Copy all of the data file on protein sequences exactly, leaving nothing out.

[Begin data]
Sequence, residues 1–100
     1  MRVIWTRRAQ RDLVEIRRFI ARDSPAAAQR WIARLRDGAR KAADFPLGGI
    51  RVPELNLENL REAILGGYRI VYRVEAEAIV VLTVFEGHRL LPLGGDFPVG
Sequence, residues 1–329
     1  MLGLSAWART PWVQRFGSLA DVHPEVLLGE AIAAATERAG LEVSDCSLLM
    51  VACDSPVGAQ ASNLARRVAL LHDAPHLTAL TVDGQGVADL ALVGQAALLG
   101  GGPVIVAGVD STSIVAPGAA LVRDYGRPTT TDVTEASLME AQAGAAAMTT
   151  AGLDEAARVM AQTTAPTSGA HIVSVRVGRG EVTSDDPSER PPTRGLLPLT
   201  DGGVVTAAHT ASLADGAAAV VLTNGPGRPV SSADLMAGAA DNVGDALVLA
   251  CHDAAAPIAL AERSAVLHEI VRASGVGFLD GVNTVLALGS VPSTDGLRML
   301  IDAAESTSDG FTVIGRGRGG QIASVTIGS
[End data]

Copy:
Sequence, residues 1–100
     1  MRVIWTRRAQ RDLVEIRRFI ARDSPAAAQR WIARLRDGAR KAADFPLGGI
    51  RVPELNLENL REAILGGYRI VYRVEAEAIV VLTVFEGHRL LPLGGDFPVG
Sequence, residues 1–329
     1  MLGLSAWART PWVQRFGSLA DVHPEVLLGE AIAAATERAG LEVSDCSLLM
    51  VACDSPVGAQ ASNLARRVAL LHDAPHLTAL TVDGQGVADL ALVGQAALLG
   101  GGPVIVAGVD STSIVAPGAA LVRDYGRPTT TDVTEASLME AQAGAAAMTT
   151  AGLDEAARVM AQTTAPTSGA HIVSVRVGRG EVTSDDPSER PPTRGLLPLT
   201  DGGVVTAAHT ASLADGAAAV VLTNGPGRPV SSADLMAGAA DNVGDALVLA
   251  CHDAAAPIAL AERSAVLHEI VRASGVGFLD GVNTVLALGS VPSTDGLRML
   301  IDAAESTSDG FTVIGRGRGG QIASVTIGS